San Francisco, CA

California Stores to Close Over Rampant Shoplifting

Toni Koraza
Photo by Pxfuel

Videos of brazen shoplifting frenzies circulate on social media.

You've probably seen clips of audacious people snatching stuff from Walgreens, TJ Maxx, and similar shops in California. Here's one.

Retail workers are not paid enough to deal with organized crime

And police say their hands are tied when it comes to petty theft. In this case, stealing property worth less than $950 is considered a misdemeanor. So, police claim they rely on citizens to prevent such incidents.

"Shoplifters get off easy in California, where stealing goods worth less than $950 is a mere misdemeanor—if the crime is prosecuted at all. Bad actors have taken advantage, and this week Walgreens announced the closure of five SF stores plagued by theft," writes WSJ.

Shoplifting is one big party in California, according to the above claims. So, why pay for anything under $950 when you can just take it?

Your weekly groceries are probably cheaper than $950.

Can you fill up your shopping cart and walk away without paying?

No, not really.

I wouldn't advise anyone to commit any crime, being a petty one or a severe felony. Don't break the law. Just don't.

While individuals get away with stealing at their local shops, many face a different outcome. A video of four officers beating a teen to a pulp also circulates the ethos. You can find similar videos on the web too. So, does that make California a police state?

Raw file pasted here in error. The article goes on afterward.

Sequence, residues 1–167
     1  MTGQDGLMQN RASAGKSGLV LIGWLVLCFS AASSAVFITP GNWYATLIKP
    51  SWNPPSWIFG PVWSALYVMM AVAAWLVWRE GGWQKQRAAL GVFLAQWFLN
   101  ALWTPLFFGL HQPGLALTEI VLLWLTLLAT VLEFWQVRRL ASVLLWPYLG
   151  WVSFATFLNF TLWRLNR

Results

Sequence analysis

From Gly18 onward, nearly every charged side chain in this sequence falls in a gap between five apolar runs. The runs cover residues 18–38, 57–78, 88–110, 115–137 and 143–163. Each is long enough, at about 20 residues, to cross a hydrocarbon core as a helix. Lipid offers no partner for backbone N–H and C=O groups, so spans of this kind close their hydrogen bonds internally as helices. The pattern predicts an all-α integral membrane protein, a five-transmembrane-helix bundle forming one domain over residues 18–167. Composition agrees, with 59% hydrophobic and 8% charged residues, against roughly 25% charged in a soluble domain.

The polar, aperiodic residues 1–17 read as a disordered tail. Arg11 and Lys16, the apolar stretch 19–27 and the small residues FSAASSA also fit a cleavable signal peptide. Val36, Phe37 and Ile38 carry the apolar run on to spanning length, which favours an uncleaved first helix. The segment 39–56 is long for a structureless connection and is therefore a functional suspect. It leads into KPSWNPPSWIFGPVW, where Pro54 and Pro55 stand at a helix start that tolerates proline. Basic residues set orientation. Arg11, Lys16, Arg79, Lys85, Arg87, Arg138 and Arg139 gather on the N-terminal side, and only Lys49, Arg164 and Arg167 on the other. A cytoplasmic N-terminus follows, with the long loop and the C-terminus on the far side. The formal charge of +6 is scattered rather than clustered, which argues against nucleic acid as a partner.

Again, not really.

Social media can bend the truth in any direction

For example, Walgreens' spokesperson claims they're closing locations in California over shoplifting issues. They can't deal with the amount of stolen property.

"Due to ongoing organized retail crime, we have made the difficult decision to close five stores across San Francisco," stated a Walgreens representative.

San Francisco Mayor London Breed is pushing against the claims. Many are railing behind her.

One narrative makes it seem like property theft is your classic Tuesday in California. However, crime statistics and data uncover a different truth.

San Francisco Shoplifting has been in steady decline since the early 1990s, according to California DOJ.

Other states have a higher threshold for misdemeanors

Stealing $1,000 in Texas would get you a fine. You'd need to walk out with over $2,500 worth of goods to earn a felony charge. Does that mean grand shoplifting is legal in Texas?

Well, no. Of course not. Theft in Texas is not legal the same way theft in California is not legal. Most people will end up in trouble if caught stealing. So, don't break the law.

Luckily, property crimes are in steady decline in the United States, following a global trend.

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